During his lifetime he was not very well known. Today Blake's work is thought to be important in the history of both poetry and the visual arts. Blake's first collection of poems, Poetical Sketches, was printed around 1783. His most famous poem "And did those feet in ancient time" was, over 100 years later, put to music by Hubert Parry. The hymn is called "Jerusalem".
Illustrated by Blake[change | change source]
- 1791: Mary Wollstonecraft, Original Stories from Real Life
- 1796: Gottfried August Bürger, Leonora (not engraved by him)
- 1797: Edward Young, Night Thoughts
- 1805–1808: Robert Blair, The Grave
- 1808: John Milton, Paradise Lost
- 1819–1820: John Varley, Visionary Heads
- 1821: R.J. Thornton, Virgil
- 1823–1826: The Book of Job
- 1824–1827: John Bunyan, The Pilgrim's Progress (Not finished)
- 1825–1827: Dante, The Divine Comedy (Blake died in 1827 with work on these illustrations still unfinished. Of the 102 watercolours, 7 had been selected for engraving)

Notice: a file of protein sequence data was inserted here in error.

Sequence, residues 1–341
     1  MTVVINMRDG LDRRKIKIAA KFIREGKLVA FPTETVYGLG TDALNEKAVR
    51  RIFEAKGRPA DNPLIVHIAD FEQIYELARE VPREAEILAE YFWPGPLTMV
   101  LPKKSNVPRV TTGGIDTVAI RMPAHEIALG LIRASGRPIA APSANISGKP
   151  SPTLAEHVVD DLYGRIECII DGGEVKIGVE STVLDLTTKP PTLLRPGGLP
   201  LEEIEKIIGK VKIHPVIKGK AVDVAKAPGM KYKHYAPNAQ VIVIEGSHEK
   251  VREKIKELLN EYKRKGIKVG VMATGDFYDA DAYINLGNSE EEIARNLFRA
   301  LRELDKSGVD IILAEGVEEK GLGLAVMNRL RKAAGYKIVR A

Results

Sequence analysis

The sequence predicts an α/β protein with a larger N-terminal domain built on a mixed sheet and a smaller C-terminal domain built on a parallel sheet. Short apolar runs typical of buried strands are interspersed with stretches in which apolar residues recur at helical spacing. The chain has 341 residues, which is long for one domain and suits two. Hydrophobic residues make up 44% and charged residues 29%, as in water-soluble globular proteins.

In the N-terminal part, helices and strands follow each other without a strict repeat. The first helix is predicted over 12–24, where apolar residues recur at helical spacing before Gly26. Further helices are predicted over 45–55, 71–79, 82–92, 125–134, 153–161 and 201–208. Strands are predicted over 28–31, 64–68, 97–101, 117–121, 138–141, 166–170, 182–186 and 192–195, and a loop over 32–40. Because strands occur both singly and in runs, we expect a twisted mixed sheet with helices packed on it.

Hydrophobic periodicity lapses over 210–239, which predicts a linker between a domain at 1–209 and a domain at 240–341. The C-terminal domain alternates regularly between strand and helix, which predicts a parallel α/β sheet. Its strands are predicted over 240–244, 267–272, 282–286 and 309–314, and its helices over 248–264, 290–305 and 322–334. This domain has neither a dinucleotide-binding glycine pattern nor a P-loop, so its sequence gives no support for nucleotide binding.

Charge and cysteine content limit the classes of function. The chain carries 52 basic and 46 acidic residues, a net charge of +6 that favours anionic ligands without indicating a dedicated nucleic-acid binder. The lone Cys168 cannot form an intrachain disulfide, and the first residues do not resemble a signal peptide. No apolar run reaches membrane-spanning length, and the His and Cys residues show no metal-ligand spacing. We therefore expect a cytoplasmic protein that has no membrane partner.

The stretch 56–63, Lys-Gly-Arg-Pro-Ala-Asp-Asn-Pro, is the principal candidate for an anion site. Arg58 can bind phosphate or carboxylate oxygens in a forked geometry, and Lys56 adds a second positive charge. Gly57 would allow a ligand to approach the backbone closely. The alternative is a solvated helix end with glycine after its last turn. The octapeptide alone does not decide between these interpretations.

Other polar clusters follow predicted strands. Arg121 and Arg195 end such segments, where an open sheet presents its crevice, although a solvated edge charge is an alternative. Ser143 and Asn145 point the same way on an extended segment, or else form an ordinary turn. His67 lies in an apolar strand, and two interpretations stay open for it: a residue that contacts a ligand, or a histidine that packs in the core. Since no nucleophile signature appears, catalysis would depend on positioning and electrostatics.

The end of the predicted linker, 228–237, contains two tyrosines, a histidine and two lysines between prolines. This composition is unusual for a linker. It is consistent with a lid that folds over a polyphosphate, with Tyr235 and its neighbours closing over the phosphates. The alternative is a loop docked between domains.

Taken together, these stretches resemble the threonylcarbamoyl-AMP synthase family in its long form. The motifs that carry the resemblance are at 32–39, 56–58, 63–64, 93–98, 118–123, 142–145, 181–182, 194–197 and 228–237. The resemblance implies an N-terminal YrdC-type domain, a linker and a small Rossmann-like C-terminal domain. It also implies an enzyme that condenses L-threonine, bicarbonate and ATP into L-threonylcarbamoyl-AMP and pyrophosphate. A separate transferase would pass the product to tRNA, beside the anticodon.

References[change | change source]
- Wilson, Mona. The Life of William Blake, 1948, London: Rupert Hart-Davis, page 77.
- Peter Marshall. William Blake: Visionary Anarchist (1988) ISBN 0-900384-77-8
Other websites[change | change source]
|Wikimedia Commons has media related to William Blake.|
- Recent Discovery of the Location of William Blake's Grave.
- The William Blake Archive, a multi-media archive, sponsored by the Library of Congress
- Works by William Blake at Project Gutenberg
- Blake250: 2007 London festival celebrating 250 years of William Blake's influence
- Paintings of William Blake